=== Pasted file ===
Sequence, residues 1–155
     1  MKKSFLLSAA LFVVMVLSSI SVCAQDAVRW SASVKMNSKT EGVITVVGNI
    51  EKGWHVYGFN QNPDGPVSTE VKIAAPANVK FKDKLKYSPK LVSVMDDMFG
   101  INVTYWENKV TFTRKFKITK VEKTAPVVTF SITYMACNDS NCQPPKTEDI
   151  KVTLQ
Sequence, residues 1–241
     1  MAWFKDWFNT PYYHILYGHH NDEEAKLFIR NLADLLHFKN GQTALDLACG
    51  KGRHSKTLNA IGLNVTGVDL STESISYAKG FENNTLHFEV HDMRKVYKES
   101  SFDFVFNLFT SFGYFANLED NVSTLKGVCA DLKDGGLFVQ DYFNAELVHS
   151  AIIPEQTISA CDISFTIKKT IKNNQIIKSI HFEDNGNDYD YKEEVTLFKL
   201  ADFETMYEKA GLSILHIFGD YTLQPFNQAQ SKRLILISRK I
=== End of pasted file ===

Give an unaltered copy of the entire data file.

Sequence, residues 1–155
     1  MKKSFLLSAA LFVVMVLSSI SVCAQDAVRW SASVKMNSKT EGVITVVGNI
    51  EKGWHVYGFN QNPDGPVSTE VKIAAPANVK FKDKLKYSPK LVSVMDDMFG
   101  INVTYWENKV TFTRKFKITK VEKTAPVVTF SITYMACNDS NCQPPKTEDI
   151  KVTLQ
Sequence, residues 1–241
     1  MAWFKDWFNT PYYHILYGHH NDEEAKLFIR NLADLLHFKN GQTALDLACG
    51  KGRHSKTLNA IGLNVTGVDL STESISYAKG FENNTLHFEV HDMRKVYKES
   101  SFDFVFNLFT SFGYFANLED NVSTLKGVCA DLKDGGLFVQ DYFNAELVHS
   151  AIIPEQTISA CDISFTIKKT IKNNQIIKSI HFEDNGNDYD YKEEVTLFKL
   201  ADFETMYEKA GLSILHIFGD YTLQPFNQAQ SKRLILISRK I